Side Effects For Baby

The most common way to take Cannabis is by smoking it. This can have developmental issues for your unborn baby as there are chemicals within tobacco that can harm your unborn child. 

Also, research is lending itself to its contribution of low birth weight in infants when the use of cannabis is present.  He/she can look pale and be less active. 

As your child grows up there are reports that they themselves have poor concentration and delayed cognitive development. These issues are more noticeable as the child becomes older. 

How Long?

Cannabis exposure can stay in your baby’s system for months after use. It generally takes 24-57 hours just to work half of the dose out.

THC is absorbed into the tissues of the body and this can act as a slow-releasing reservoir. The medical advice for pregnant moms is to stop using this drug immediately. 


This drug is a powerfully addictive stimulant that can cause serious addiction. It can sometimes be used in medical procedures and act as an anesthetic. The effects of Cocaine are usually short-lived and can last any time from a few minutes to a couple of hours.

The high that people get when taking this drug is so intense that it leaves them wanting more, this creates harsh side effects when the drug is wearing off.

It can be used in many different ways, such as, inhaled, rubbed on to gums, injected, and smoked.

Side Effects For Mom

Once the high has worn off it can be followed by a deep depressive episode. It can make the user feel anxious, paranoid, hostile, and angry even when they haven’t got their high.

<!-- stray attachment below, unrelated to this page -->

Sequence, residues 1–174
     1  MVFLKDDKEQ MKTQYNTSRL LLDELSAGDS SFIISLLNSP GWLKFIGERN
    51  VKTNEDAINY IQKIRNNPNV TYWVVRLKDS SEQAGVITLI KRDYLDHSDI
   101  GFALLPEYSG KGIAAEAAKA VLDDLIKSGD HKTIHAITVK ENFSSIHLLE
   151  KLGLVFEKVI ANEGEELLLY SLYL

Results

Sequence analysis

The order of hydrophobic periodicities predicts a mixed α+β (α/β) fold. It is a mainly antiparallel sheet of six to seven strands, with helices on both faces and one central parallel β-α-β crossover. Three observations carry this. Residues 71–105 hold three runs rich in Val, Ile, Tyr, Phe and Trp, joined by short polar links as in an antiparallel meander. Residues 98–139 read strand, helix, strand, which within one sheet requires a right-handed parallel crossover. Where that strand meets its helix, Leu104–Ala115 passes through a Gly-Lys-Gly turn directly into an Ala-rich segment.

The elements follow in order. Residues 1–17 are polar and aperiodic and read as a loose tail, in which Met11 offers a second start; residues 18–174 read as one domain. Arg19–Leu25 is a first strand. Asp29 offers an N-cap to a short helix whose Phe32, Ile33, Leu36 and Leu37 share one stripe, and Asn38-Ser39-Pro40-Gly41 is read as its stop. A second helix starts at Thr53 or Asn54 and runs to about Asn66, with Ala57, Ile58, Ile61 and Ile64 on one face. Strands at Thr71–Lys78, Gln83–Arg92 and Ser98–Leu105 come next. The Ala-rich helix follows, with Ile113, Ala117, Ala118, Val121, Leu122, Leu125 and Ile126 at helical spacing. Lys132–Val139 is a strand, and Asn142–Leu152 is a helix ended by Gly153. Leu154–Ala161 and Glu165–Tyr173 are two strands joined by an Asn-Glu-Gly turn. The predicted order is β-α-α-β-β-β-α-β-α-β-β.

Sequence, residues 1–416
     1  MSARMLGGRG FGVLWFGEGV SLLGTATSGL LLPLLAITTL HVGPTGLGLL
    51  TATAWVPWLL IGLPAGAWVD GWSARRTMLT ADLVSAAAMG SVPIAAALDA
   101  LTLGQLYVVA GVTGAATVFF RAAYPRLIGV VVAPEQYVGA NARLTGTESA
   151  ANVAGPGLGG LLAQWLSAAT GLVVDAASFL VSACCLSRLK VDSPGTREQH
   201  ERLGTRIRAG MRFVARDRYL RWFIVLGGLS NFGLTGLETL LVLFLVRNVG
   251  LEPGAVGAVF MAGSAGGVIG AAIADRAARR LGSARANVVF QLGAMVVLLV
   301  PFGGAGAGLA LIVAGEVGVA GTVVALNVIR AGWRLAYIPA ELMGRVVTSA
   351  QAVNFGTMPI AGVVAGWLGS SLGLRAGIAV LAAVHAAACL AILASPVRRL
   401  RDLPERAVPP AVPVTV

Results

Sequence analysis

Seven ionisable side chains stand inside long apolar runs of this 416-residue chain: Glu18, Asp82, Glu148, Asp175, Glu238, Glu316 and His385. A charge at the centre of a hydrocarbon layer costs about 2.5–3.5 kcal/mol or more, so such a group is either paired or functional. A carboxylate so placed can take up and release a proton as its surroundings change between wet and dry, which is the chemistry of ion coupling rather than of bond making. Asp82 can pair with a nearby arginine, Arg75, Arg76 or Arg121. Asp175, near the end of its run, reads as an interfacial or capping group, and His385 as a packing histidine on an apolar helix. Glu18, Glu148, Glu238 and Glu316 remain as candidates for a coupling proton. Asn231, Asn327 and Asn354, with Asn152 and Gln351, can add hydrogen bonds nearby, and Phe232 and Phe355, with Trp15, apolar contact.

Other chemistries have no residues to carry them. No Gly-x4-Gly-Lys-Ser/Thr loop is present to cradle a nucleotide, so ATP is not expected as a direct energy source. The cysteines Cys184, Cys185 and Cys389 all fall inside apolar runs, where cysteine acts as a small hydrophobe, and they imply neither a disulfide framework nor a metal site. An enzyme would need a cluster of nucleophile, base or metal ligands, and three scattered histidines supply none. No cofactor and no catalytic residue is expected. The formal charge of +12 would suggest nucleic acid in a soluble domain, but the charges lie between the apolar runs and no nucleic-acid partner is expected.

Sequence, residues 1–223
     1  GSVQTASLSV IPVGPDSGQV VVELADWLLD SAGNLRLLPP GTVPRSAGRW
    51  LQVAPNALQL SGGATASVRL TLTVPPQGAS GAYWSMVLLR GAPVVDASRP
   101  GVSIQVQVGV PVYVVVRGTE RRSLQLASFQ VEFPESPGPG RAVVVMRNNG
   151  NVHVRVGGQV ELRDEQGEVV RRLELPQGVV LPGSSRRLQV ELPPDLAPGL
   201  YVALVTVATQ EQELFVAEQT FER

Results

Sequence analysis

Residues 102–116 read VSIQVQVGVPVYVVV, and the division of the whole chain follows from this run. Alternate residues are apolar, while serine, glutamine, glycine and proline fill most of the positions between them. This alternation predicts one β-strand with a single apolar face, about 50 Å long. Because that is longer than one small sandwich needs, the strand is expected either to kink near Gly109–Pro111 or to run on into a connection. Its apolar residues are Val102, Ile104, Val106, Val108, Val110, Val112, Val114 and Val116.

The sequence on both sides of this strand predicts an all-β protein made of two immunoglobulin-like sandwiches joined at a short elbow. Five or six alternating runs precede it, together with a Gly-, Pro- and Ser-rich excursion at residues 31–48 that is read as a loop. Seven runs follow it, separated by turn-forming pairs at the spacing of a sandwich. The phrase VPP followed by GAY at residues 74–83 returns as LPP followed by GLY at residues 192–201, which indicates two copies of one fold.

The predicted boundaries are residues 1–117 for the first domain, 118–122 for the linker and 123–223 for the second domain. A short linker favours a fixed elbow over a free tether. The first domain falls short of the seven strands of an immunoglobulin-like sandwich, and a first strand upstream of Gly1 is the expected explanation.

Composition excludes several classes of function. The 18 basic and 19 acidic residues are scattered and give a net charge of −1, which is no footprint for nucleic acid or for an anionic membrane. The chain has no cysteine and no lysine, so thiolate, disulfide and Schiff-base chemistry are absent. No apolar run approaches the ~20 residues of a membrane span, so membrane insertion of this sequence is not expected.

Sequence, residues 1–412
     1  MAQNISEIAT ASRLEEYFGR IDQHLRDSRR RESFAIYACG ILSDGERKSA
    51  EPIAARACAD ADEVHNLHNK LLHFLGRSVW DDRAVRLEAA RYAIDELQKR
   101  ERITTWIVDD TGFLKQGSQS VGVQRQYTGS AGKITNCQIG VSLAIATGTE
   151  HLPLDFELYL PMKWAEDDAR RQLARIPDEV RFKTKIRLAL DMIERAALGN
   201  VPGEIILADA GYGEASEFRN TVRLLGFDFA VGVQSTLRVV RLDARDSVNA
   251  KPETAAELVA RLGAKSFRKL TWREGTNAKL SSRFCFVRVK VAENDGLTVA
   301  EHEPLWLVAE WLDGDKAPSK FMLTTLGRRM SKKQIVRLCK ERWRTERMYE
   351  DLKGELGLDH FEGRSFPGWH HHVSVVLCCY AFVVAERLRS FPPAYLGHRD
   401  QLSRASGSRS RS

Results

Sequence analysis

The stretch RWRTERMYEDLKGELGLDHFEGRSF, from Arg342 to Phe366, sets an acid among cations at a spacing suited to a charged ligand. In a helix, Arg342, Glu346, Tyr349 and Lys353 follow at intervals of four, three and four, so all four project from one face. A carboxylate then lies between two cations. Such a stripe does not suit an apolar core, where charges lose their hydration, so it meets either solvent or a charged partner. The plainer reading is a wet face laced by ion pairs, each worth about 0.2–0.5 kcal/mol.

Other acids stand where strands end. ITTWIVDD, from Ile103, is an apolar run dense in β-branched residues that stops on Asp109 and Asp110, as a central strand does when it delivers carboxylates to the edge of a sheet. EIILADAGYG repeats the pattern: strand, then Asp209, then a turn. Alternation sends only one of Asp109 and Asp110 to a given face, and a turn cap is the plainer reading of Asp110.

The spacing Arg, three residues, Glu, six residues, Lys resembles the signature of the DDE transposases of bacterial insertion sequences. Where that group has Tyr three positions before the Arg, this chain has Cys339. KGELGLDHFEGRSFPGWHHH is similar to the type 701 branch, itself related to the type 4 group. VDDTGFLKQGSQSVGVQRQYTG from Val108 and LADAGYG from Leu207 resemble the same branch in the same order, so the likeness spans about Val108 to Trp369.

Regardless of how frequently the drug has been used the potential health risks are not something to ignore. It can increase the chances of stroke, heart attack, respiratory failure, and in some cases even death.

Side Effects For Baby

For unborn babies and newborns Cocaine is a highly dangerous drug. There have been reports of some abnormalities of the developing unborn baby in the brain, skull, face, eyes, heart, limbs, intestines, genitals, and urinary tract.

The newborn will tend to be a lot smaller than that of a baby who hasn’t been subjected to cocaine misuse. 

It encourages the placenta to pull away from the womb causing placental abruption which can be fatal for both mom and baby. 

How Long?

Cocaine can enter the unborn baby’s system through the placenta and amniotic fluid. Many babies who have been subjected to cocaine misuse can be tested from samples of their hair and urine.

Babies are obviously a lot smaller than adults and because of this, the drug takes longer to be removed from the baby’s system than that of adults. 

Traces of Cocaine can be found in a mom’s system up to 30 hours after taking the drug but for newborns, it could be 2-4 days. 


This is a combination drug formally used to treat moderate to severe pain. It is made with both Acetaminophen and Oxycodone. Oxycodone is a known narcotic drug with Acetaminophen used to increase the effects of pain relief. 

As this drug can be very addictive it is only prescribed in special situations where no other treatment has worked. 

Side Effects For Mom

Side effects can range from mild to severe depending on the amount of Percocet being used. Mild doses have little to no side effects on a mom or a pregnancy.

But the severe addiction this drug can cause may lead the mom to take larger doses and this can have detrimental effects on the fetus and mom. 

Many reports have included: